When we think about social media, it is often in the context of how do we share our story. How do we connect our districts with our communities?
But Lynne Lancaster, a consultant on generational issues based in Sonoma, Calif., and co-author (with David Stillman) of the upcoming book The M-Factor: How to Turn the Millennial Generation’s Great Expectations into Even Greater Results, wrote a great article about what social media and technology in our workplace will mean when it comes to retaining new, young teachers.
Lancaster writes, “…This is a generation that sees technology not simply as a tool for getting things done, but as the basis for conducting their lives. Blocking Internet or e-mail access, tolerating poor bandwidth, or offering ‘old school’ tools not only frustrates teachers of this age group, it can be a deal breaker…Now the access-to-technology issue has been complicated by the advent of social networking. Websites like Facebook, MySpace and LinkedIn provide Millennials with more than just ways to chat with friends and post photos. They can share ideas and opinions, conduct research, learn best practices and connect with colleagues. To be cut off from these opportunities in a profession that is already somewhat isolating might seem too high a price to pay.”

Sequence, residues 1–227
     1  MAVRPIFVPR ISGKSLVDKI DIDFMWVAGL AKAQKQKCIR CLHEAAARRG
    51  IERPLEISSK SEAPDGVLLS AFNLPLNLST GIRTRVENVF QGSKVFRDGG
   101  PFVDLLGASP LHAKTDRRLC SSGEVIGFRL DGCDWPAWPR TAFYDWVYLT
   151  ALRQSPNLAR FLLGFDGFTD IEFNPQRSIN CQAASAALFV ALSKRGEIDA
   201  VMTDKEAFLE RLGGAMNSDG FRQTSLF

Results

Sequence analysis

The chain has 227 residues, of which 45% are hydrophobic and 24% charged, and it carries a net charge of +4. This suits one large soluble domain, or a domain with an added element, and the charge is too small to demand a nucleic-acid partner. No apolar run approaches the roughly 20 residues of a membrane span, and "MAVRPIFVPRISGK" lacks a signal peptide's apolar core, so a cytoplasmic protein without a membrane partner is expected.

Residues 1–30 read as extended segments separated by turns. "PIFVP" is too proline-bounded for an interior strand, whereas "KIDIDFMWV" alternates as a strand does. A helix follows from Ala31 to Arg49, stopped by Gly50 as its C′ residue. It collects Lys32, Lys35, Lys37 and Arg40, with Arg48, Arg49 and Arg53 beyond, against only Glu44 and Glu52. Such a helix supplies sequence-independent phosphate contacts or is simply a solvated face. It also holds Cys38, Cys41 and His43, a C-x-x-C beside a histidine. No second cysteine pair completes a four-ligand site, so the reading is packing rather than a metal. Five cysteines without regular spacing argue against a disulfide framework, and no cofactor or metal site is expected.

As you look to develop policy around technology usage and social media networking, Lancaster’s article will definitely give you some common sense suggestions.